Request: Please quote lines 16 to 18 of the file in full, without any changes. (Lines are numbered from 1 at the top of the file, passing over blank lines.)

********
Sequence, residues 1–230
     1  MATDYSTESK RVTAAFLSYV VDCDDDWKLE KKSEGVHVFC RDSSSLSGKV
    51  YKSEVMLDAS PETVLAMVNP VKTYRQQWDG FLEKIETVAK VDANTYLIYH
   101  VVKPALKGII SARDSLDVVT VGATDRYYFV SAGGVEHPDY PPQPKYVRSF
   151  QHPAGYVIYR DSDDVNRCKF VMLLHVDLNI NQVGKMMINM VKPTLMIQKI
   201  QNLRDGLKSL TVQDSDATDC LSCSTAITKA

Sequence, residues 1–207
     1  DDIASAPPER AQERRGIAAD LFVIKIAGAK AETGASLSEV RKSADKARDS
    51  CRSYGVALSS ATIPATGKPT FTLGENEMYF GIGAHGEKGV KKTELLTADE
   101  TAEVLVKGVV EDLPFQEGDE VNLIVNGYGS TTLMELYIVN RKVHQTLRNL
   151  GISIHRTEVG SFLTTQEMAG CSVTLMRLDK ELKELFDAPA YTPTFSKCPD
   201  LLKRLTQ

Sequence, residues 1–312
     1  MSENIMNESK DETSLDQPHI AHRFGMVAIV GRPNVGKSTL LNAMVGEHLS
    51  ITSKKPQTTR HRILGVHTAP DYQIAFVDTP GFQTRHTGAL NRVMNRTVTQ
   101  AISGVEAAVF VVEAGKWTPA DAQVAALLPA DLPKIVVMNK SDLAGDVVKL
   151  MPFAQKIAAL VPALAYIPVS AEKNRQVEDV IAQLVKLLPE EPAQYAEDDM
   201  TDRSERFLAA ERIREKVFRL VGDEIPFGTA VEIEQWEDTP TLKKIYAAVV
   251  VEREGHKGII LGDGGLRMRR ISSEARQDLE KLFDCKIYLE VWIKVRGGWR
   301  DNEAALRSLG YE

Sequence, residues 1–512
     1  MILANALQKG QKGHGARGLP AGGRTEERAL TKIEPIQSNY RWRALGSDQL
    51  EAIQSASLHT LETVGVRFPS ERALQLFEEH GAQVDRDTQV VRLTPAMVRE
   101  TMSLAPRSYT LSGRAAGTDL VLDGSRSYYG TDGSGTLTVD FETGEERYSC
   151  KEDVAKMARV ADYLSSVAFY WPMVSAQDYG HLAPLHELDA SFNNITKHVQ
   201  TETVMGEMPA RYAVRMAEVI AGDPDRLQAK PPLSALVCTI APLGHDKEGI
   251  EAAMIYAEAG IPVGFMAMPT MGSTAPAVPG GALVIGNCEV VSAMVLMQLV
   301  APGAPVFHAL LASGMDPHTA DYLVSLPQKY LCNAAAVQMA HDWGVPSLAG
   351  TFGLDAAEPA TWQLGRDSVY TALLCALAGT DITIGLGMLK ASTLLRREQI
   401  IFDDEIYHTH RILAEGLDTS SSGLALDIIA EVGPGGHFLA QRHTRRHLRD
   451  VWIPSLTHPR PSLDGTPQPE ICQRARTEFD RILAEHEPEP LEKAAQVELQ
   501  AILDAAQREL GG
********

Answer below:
   101  AISGVEAAVF VVEAGKWTPA DAQVAALLPA DLPKIVVMNK SDLAGDVVKL
   151  MPFAQKIAAL VPALAYIPVS AEKNRQVEDV IAQLVKLLPE EPAQYAEDDM
   201  TDRSERFLAA ERIREKVFRL VGDEIPFGTA VEIEQWEDTP TLKKIYAAVV